Texarkana, TX 50° View Live Radar Wed H 56° L 51° Thu H 61° L 49° Fri H 55° L 51° Weather Sponsored By:

Aquafaba. Kombucha.New words for foodies

Aquafaba. Kombucha.New words for foodies

March 20th, 2018 by Detroit Free Press in Features

Carnitas tacos at Detroit's new Central Kitchen + Bar are filled with juicy, shredded slow-cooked pork, chayote slaw, crema, tomatillo salsa and crumbled cotija cheese on August 19, 2015. (Sylvia Rector/Detroit Free Press/TNS)

Can you say kabocha? How about kombucha? What do you do with aquafaba?

And, really, who doesn't like an Arnold Palmer?

These are just a few of new food words that Merriam-Webster have added to the dictionary mix. More than 850 new words and their definitions were added recently, and many of them are culinary terms.

"In order for a word to be added to the dictionary it must have widespread, sustained, and meaningful use," explains Emily Brewster, Associate Editor at Merriam-Webster in a news release. "These new words have been added to the dictionary because they have become established members of the English language and are terms people are likely to encounter."

At merriam-webster.com, they identified "the richest source of these newly adopted foreign-language words has been the world of food—or, perhaps we should say: the food of the world."

A Hawaiian poke bowl with salmon from Yuzu Sushi Co. in Royal Oak, Mich., on July 23, 2016. (Mark Kurlyandchik/Detroit Free Press/TNS)

A Hawaiian poke bowl with salmon from Yuzu...

Here's a taste of some of the new food words that have been added, enhanced with some background:

Aquafaba (aqua-fa-ba): "The liquid that results when beans are cooked in water." One of the more popular bean liquids that is being used is that of the canned chickpeas. Its popular use is as an egg replacement in recipes like waffles and pancakes. Chickpea liquid is also said to whip up nicely for meringue.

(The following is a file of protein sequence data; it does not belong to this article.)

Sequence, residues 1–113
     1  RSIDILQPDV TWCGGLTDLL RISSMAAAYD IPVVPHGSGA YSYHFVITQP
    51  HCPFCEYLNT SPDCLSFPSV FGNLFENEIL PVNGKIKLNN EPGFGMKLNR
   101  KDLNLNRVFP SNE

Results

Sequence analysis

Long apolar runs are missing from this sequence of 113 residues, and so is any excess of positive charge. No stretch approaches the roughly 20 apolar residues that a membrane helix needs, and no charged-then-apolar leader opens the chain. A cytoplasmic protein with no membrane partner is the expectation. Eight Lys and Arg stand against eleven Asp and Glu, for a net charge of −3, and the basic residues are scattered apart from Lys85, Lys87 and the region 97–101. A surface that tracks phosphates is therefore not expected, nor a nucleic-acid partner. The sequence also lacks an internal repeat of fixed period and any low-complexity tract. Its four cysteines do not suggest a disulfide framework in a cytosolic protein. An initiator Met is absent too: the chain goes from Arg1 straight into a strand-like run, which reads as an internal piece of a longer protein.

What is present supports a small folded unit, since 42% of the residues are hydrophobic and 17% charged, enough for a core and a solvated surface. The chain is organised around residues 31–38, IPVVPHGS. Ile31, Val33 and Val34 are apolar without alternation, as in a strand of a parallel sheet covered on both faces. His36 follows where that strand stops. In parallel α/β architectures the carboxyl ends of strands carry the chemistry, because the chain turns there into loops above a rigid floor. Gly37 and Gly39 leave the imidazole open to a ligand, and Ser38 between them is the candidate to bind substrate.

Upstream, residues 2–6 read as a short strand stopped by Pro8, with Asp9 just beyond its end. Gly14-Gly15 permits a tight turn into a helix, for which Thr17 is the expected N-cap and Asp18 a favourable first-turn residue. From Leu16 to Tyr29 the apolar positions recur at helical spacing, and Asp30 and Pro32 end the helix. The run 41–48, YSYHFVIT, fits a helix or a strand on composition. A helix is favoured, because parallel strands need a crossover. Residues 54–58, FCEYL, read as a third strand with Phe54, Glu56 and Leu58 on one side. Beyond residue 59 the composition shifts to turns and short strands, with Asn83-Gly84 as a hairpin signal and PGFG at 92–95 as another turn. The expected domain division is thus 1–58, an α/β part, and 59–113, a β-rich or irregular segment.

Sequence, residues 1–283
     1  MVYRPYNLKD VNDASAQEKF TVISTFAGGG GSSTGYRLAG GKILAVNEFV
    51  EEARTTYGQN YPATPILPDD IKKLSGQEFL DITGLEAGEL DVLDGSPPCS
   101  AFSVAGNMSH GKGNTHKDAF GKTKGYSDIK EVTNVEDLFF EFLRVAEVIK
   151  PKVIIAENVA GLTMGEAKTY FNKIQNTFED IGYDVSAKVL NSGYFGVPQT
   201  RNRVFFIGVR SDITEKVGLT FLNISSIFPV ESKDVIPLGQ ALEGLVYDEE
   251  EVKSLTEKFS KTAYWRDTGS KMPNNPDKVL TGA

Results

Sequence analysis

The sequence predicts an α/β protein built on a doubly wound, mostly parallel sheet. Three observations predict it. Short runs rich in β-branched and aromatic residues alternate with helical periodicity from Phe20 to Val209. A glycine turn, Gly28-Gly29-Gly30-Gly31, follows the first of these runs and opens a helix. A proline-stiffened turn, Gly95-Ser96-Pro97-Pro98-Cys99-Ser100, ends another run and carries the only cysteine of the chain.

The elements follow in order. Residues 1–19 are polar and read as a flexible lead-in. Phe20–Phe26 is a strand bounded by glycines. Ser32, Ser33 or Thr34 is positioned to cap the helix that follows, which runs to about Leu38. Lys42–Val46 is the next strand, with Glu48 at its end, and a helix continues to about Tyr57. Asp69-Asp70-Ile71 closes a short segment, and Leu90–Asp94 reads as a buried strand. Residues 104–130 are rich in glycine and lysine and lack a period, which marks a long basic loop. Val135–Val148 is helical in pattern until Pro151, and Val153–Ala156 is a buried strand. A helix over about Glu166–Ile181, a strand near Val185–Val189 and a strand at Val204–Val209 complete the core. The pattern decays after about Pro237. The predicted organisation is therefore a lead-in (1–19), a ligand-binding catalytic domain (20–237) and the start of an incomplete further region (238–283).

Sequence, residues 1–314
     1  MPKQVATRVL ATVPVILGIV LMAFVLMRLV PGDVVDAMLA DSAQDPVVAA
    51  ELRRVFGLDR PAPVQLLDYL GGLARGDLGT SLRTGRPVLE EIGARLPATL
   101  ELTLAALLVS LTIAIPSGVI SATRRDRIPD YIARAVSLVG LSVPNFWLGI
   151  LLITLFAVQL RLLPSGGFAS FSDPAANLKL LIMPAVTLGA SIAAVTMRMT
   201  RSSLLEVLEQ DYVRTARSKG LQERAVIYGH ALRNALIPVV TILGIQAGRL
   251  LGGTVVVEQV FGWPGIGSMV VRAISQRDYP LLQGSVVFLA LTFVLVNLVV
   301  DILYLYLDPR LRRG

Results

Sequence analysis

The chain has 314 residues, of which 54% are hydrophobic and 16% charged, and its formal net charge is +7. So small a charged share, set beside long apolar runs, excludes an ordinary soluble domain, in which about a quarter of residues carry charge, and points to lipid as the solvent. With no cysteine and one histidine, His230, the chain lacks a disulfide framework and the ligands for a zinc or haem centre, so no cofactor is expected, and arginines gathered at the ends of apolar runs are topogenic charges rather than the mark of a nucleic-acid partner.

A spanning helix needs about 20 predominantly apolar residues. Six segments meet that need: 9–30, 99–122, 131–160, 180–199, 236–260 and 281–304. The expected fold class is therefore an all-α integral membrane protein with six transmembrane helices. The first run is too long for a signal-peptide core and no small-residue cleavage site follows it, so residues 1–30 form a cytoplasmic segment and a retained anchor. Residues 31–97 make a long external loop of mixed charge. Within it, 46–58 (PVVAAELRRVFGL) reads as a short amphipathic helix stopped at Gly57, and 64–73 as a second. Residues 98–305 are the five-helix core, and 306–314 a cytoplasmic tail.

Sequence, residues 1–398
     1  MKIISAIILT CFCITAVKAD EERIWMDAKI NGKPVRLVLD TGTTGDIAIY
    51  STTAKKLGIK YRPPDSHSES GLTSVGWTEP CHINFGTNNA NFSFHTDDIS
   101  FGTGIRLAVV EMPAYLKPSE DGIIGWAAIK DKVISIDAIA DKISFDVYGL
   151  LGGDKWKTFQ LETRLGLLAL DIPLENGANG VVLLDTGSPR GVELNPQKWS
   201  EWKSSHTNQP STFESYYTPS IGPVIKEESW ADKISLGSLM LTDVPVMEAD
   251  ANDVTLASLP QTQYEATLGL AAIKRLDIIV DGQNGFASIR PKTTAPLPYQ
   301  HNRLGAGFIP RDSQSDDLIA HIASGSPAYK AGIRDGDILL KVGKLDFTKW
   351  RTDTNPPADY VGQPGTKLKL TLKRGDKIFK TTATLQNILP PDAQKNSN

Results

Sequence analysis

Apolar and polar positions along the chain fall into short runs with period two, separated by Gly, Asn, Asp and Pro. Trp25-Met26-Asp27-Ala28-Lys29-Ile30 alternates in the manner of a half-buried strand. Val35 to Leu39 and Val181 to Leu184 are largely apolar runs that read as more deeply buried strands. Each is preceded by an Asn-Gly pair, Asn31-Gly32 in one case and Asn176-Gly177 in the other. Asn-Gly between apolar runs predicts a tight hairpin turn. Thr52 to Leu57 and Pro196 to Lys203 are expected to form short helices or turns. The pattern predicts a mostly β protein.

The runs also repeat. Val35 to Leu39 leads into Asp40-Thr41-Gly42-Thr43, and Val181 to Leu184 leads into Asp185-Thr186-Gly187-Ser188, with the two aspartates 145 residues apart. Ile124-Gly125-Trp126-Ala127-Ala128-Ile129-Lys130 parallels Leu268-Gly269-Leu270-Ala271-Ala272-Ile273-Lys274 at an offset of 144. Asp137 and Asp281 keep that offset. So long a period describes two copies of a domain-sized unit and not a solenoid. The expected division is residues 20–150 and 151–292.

Arnold Palmer: A cold beverage mix of iced tea and lemonade. Created by golfer Arnold Palmer, the idea struck the late golf champion after a round of golf in the desert in the early '60s. "I wanted something that would be refreshing and realized that lemonade would be a natural complement to iced tea, since most people add a lemon wedge to their tea" according to www.merriam-webster.com. After word got around about this drink, Palmer explained that a waitress who knew it was his regular drink started calling it an Arnold Palmer.

Cotija (co-ti-ja): A hard, white, crumbly Mexican cheese made from cow's milk. This cheese is noted for its saltiness and is like Parmesan.

Fond (fahn): Small particles of browned food and especially meat that adhere to the bottom of a cooking pan and are used especially in making sauces. These concentrated browned bits form on the bottom of the pan when food is sauteed or roasted. When you deglaze the pan with a liquid, the bits are scrapped up to flavor the sauce.

Harissa (ha-ris-sa): A spicy North African paste made from dried chilies, salt, oil, and other seasonings. Harissa is used as a condiment or served with meats, vegetables and poultry.

Kabocha (ka-bo-cha): A winter squash (Curcubita maxima) of Japanese origin that is round with somewhat flattened top and bottom, typically dark green skin usually streaked or mottled with pale green, and yellowish-orange sweet flesh.

Kombucha (kom-bu-cha): A gelatinous mass of symbiotic bacteria (as Acetobacter xylinum) and yeasts (as of the genera Brettanomyces and Saccharomyces) grown to produce a fermented beverage held to confer health benefits.